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by Author Unknown

December 31, 2009

It takes

Pacific Masters has exceeded 10,000 members in 2008 and continues to grow. Nancy Ridout, USMS past president and Pacific registrar, and Michael Moore, Pacific chair, attribute the success of this LMSC to a strong commitment to high quality programs, good communication, empowerment of coaches and athletes, and a sense of togetherness.

"Even though we are big, we try to reach out to each member and instill a sense of pride in belonging to Pacific Masters Swimming and to their club," says Nancy. "The LMSC sets guidelines, coordinates schedules and welcomes ideas. It doesn't matter where the good ideas come from, as long as they keep coming."

Pacific Masters has monthly meetings. It invites everyone to be involved. "We encourage all clubs to share in the governance of the LMSC," Nancy says. Communication plays a key role in the daily operations and success of the largest LMSC in USMS. Weekly email announcements and updates communicate internal news as well as coaching opportunities, meets and other items of interest. The Pacific Masters website and bimonthly newsletter is updated daily and also provides valuable information to Pacific Masters.Pacific Masters Round Table

"The bimonthly newsletter, which is sent electronically to each club and is included in USMS Swimmer magazine, has become a staple for Pacific Masters swimmers," says Michael. Community involvement and communication also play a large role in the promotion of the LMSC and local Masters programs. Nancy explains, "Our members take it upon themselves to provide local media with stories of our swimmers and meets. Each member really takes pride in sharing information about his or her club with the local community, colleagues and friends."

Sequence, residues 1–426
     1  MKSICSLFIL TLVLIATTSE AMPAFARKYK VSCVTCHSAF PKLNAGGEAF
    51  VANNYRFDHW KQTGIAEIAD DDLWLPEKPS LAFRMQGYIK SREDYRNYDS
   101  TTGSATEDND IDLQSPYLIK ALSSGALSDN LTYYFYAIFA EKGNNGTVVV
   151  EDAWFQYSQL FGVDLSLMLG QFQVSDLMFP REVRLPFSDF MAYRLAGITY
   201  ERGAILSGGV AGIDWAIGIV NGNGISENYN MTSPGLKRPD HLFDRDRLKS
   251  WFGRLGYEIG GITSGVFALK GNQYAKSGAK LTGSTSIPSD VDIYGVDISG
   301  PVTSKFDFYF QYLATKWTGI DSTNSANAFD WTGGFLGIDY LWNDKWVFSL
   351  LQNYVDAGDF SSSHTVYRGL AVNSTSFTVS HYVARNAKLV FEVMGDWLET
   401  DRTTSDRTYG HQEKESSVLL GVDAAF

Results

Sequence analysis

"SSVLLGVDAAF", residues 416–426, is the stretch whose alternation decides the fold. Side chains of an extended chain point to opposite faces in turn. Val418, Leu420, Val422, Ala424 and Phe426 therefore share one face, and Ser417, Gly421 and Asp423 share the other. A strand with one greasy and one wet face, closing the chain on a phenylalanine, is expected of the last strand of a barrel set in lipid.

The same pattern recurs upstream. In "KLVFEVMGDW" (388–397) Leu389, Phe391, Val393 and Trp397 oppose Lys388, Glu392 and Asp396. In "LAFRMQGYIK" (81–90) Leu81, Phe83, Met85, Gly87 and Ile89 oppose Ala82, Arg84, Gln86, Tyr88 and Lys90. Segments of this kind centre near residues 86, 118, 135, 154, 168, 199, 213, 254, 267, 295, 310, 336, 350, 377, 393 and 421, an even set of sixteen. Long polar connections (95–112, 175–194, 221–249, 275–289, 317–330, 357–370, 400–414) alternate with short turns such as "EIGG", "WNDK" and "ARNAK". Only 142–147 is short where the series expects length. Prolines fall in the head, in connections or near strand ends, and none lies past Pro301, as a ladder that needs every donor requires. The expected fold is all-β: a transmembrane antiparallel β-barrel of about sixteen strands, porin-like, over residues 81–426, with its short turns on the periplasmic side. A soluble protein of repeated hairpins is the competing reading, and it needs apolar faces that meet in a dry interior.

In Pacific Masters, each club works together to promote Masters swimming. "Pacific Masters clubs have been known to say, ‘sure try out that other practice and try ours ... whichever is a better fit is where you should swim,'" Nancy shares. "This way clubs are not competing, but collaborating. It makes our LMSC that much stronger. The Pacific LMSC is blessed with good weather, a strong swimming history and tradition, and a long line of forward-thinking leaders. This has allowed mutual cooperation with the Pacific LMSC officials and coaches."

According to Michael, "coaches who are excited about coaching are the key." Good coaching plays such a key role in the success of Pacific Masters that the implementation of a coach-mentoring program is part of the Pacific Masters strategy for continuing growth and success. "I am in awe of coaches like Patty Scott-Baier, Kerry O'Brien, Tim Sheeper and Tim Edmonds. To look at where their programs started to where they are today ... wow," says Michael, who attributes his own success in the water to good coaching. Walnut Creek Masters and Tuolumne County Masters are both on the verge of breaking 500 members, with 496 and 482 members, respectively. Team Sheeper in Menlo Park, Stanford Masters and the Olympic Club in San Francisco are all 300+ members Masters programs themselves.

Barry Fasbender, USMS member since 1973 and 2008 Ransom Arthur Award recipient, volunteers with Pacific Masters. Barry swims the 200 butterfly, 400 IM and distance freestyle events and when asked why he thinks Pacific Masters is so successful and ever-growing, he said, "Good coaches. The strength of a good LMSC is its coaches. With good coaching and sense of team pride you will have a strong LMSC."

So how does Pacific Masters manage over 10,000 members? "Lots and lots of volunteers," according to Barry.

No program or LMSC is perfect and without fault; however, with a solid infrastructure, big goals and determination to succeed every LMSC can reach its potential.

USMS congratulates Pacific Masters on its terrific membership success.



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